COVID-19 and Social Security: Bad News for 60 Year Olds

Green Settlements Staff

Table of Contents:

  1. How Are Social Security Benefits Calculated?
  2. COVID-19 and Social Security
  3. A Call to Action

After more than four months, the COVID-19 pandemic continues to ravage the American population and economy. Its impact on seniors has been especially dire, but things could soon get even worse for Americans who are on their way to becoming seniors. As Michael Hiltzik writes in the Los Angeles Times, “Anyone turning 60 this year could face a lifelong reduction in Social Security benefits.”

How Are Social Security Benefits Calculated?

In short, Social Security payouts are based on someone’s earnings through age 59. These earnings, Hiltzik writes, are “adjusted to account for growth in economy-wide wages.” This is done with the help of an average wage index.

This system usually works effectively, allowing benefits to grow throughout periods of prosperity. COVID-19 and its massive economic impact have, however, exposed a glitch that could cost millions of Americans thousands of dollars each month for the rest of their lives.

COVID-19 and Social Security

Andrew Biggs, a former Social Security analyst, was among the first to point out COVID-19’s potential impact on Social Security payouts. In an essay published by the University of Pennsylvania’s Wharton School, he notes that, “a fall in national average wages in [the year a person turns 60] reduces Social Security’s indexed measure of all of [this person]’s past earnings.” If his estimates are correct and average wages drop by 15%, Americans born in 1960 could see their future Social Security benefits cut by $3,900 each year. For some individuals, this could mean total losses of more than $70,000.

This isn’t the first time that extraordinary economic conditions have threatened Social Security benefits. In 2009, the early days of the Great Recession brought average wages down by 1.5%. This was in spite of predictions that they would be raised by 4% throughout the year. As a result, economic journalist Brenton Smith writes, “People born in 1949 paid a stiff price on their benefits.” He notes that 2009’s 1.5% drop was only a “modest” change to average wages. While no one knows for sure, it’s very likely that the COVID-19 pandemic could change them more dramatically.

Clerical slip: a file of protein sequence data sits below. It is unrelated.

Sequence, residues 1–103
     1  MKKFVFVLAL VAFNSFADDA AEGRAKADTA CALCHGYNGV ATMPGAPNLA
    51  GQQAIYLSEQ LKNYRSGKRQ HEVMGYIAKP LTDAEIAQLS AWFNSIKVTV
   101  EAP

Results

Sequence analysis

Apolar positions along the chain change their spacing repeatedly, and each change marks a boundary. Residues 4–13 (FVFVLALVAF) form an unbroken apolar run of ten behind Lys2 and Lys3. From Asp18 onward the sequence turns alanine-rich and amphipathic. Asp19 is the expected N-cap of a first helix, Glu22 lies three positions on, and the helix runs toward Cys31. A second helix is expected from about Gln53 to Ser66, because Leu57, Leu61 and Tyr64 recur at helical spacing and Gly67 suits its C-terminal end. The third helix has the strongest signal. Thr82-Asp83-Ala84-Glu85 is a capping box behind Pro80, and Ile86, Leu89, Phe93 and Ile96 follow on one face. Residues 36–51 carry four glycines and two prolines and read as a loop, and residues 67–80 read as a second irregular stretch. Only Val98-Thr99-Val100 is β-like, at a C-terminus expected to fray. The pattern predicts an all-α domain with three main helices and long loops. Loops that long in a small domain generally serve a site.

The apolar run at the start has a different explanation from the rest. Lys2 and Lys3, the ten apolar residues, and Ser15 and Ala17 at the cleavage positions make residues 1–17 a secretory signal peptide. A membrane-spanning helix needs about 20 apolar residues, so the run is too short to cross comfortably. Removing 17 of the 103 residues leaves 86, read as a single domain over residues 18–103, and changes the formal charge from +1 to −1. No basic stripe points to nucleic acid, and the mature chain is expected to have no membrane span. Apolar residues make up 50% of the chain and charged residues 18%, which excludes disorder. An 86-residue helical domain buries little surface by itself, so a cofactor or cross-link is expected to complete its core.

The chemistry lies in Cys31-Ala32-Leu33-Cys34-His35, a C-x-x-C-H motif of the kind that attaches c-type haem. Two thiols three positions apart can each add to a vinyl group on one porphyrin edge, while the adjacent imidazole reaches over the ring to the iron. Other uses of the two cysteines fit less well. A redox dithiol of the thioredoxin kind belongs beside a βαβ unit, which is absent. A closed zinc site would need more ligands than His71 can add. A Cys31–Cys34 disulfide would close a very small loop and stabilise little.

Why is the year someone turns 60 more important than the year they turn 62? The Social Security Administration takes two years to apply new wage data. That means that 2020’s data will go into effect in 2022 when it’s compared to data from 2019.

A Call to Action

Though Biggs is affiliated with the conservative American Enterprise Institute, he calls on Congress to take fairly bold action. More specifically, he offers up three potential fixes for Social Security’s average wages glitch:

  1. Introduce ad hoc benefit increases for seniors who are affected by this year’s drop in wages. “A flat benefit supplement of $125 per month,” he writes, “would restore very low wage workers’ benefits to approximately the amounts projected for that group in 2019.”
  2. Alter Social Security’s typical benefit formula so that 2020’s data is weighed differently. For example, Biggs suggests basing the average wage index on payroll figures from Q1 alone. He notes that this was standard practice prior to 1977.
  3. Eliminate average wage indexing altogether and introduce a new inflation-based formula.

Hiltzik echoes other commentators in calling for a different fix. They ask that Congress update Social Security’s policies to ensure that the wage index can never lead to reduced benefits. There is already some precedent for such a change. Social Security policies hold that payroll taxes cannot drop alongside wages and that cost-of-living adjustments will never lead to lower benefits — even when the consumer price index drops.

“That’s the best option for Congress,” Hiltzik concludes, “and one that should be inserted into the next coronavirus relief bill.” Another such bill is waiting for approval in the Senate and it will certainly see amendments if it passes. Could the government use this opportunity to safeguard Social Security benefits for Americans born in 1960?

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